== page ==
My husband and I are off to Hawai’i today for our babymoon and a much-needed week of general sloth and eating way too much food. I’m determined to unplug this week with limited time online and little interaction on social media. I just need a little mental break from the craziness of this world. So much so, that I’m publishing this week’s post two days early so that I don’t have to worry about it during my trip.

Surprisingly, given how much of a workaholic I am and how I usually can’t stand being idle, I’ve actually always been very good about disconnecting (from work, at least) during vacations. I think part of it is that I’ve always gone out of town for my breaks, and I appreciate travel as a valuable and productive experience in life. 

But I know that a lot of people have a hard time completely unplugging, often finding themselves checking in on work email during their vacation and maybe squeezing in a little bit of actual work. So, for today’s post, I scoured the internet for some good tips on disconnecting from work during a vacation:

Declutter your digital space

It takes a lot of time to unsubscribe from emails you don’t care about, unfollow accounts that annoy you, and tailor your notification settings. The quickest way to have the same effect? Deleting the entire app. You know your problem apps; just uninstall them, even if it’s only during your trip or for a few days at a time. Turning your phone back into a phone is pretty liberating.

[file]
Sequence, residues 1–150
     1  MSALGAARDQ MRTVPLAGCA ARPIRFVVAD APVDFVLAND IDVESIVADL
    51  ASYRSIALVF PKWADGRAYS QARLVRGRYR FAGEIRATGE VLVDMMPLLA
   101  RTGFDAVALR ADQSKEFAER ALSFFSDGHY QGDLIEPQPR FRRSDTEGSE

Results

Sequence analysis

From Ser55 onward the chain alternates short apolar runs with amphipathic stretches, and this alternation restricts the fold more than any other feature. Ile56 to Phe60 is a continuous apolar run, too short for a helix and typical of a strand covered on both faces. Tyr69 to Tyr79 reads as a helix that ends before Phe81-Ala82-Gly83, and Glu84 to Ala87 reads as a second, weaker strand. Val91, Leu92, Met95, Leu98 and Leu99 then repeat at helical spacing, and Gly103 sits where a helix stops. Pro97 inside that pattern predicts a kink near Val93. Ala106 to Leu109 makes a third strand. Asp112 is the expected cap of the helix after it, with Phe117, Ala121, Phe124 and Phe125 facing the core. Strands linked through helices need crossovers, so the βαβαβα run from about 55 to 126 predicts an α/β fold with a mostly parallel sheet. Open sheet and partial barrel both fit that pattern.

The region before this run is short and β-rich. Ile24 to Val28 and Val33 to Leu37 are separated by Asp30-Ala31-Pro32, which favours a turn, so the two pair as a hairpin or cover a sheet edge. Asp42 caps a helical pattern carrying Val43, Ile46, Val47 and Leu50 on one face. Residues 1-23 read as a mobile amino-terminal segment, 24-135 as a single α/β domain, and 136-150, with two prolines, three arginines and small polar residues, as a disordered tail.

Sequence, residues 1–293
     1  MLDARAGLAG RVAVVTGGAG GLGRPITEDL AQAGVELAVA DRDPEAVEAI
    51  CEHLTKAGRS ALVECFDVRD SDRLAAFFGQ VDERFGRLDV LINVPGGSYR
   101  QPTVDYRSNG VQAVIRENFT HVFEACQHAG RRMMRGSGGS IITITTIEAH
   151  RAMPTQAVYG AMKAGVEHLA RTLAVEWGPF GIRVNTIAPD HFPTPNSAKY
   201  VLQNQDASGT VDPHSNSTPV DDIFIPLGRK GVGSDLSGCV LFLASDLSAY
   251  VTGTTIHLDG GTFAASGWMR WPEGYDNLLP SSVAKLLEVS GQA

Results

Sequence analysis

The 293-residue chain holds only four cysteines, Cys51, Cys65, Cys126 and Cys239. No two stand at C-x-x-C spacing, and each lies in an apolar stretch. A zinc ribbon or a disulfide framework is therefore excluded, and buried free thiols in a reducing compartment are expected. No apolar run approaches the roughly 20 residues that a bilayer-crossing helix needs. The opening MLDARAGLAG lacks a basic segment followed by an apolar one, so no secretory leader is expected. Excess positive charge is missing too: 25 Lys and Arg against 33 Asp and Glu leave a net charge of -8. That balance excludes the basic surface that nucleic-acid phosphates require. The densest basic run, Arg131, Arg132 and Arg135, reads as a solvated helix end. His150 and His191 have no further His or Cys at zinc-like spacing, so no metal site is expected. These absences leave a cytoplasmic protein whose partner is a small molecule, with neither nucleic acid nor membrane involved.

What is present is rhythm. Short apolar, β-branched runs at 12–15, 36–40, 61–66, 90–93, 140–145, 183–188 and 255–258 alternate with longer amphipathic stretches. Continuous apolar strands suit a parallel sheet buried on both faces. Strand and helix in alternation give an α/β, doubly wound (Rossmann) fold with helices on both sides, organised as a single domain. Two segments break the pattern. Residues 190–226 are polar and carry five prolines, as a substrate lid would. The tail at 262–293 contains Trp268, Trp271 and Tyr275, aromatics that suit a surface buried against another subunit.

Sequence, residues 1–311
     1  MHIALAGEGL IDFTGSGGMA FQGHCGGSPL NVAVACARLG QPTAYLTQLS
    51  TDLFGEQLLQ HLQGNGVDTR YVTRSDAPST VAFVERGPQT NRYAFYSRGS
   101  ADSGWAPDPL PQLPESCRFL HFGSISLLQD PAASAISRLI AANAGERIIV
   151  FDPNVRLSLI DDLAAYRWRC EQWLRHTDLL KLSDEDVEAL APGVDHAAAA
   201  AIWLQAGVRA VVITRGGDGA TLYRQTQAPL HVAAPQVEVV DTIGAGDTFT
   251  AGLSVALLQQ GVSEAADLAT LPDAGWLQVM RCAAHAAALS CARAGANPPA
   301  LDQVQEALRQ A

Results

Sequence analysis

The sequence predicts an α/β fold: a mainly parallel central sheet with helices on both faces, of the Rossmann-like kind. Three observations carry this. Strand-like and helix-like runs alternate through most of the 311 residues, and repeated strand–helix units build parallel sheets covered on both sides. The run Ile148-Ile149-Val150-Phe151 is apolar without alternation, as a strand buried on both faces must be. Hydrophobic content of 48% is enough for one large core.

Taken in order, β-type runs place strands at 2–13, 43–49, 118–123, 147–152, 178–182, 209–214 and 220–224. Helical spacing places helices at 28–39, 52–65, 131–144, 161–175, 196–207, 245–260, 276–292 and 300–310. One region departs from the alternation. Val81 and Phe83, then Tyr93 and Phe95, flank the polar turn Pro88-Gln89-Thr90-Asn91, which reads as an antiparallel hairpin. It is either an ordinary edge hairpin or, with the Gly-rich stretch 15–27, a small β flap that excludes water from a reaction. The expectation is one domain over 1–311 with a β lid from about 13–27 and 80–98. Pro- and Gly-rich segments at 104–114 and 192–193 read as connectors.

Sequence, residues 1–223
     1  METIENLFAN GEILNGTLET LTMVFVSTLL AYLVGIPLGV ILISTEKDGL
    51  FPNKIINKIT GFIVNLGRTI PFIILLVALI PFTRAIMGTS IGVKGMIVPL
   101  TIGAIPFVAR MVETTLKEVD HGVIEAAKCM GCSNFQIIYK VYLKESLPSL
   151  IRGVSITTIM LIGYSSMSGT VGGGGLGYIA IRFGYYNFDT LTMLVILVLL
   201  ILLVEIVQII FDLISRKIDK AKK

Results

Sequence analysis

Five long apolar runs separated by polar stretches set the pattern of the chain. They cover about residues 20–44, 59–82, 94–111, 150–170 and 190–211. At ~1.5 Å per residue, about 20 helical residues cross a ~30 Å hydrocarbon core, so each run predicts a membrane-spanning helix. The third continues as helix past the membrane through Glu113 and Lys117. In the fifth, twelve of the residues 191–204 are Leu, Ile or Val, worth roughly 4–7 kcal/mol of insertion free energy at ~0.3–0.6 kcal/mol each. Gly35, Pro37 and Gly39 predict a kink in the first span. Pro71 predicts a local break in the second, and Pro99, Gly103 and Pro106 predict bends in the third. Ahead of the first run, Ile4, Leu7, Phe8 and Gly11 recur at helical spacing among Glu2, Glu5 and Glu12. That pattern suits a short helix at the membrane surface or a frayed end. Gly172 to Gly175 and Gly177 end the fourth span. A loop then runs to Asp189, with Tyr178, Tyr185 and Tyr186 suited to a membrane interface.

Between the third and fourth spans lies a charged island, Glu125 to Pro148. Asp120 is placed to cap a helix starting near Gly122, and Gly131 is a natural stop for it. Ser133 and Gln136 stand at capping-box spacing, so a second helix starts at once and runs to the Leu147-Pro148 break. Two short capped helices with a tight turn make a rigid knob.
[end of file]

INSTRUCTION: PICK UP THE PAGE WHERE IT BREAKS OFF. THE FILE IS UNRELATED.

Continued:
Turn off your push notifications

You’ll be far less tempted to check in if there’s nothing new and exciting calling to you.


Set up a smart out-of-office reply

When you set up the vacation auto-responder message on your primary work account, write a message that helps you avoid the dreaded backlog that typically awaits your return: let your correspondents know that you may not review all the messages you receive in your absence, and that they should email you again after X date if they need a reply. As a courtesy, provide an alternate way of addressing their issue more quickly, such as contacting your assistant or colleague.


Assign a gatekeeper

Find a co-worker to notify you in case there’s an actual emergency at work. Give this person your hotel phone number only. And, heck, let it ring if you want.


Leave your work computer behind

You probably don’t need a computer on vacation at all, but you might want to bring one (or a tablet) for watching movies, researching things to see and do or to spontaneously book a hotel somewhere. But leave your work computer behind. There are too many temptations to check email in the morning, get a head start on a project or even pop over to Slack. Remember, the point of vacation is to disconnect from work, so leave the computer behind and you won’t have the option to open it.


Ask your travel companions to hold you accountable

The people with whom we share our vacations want to spend time interacting with us, not listening to or watching us interact with our technology. If we need help dealing with technology withdrawal during that first day or two, we can make a pact with a friend or spouse to swap cell phones, so no one gets distracted.


Until next week. Aloha!

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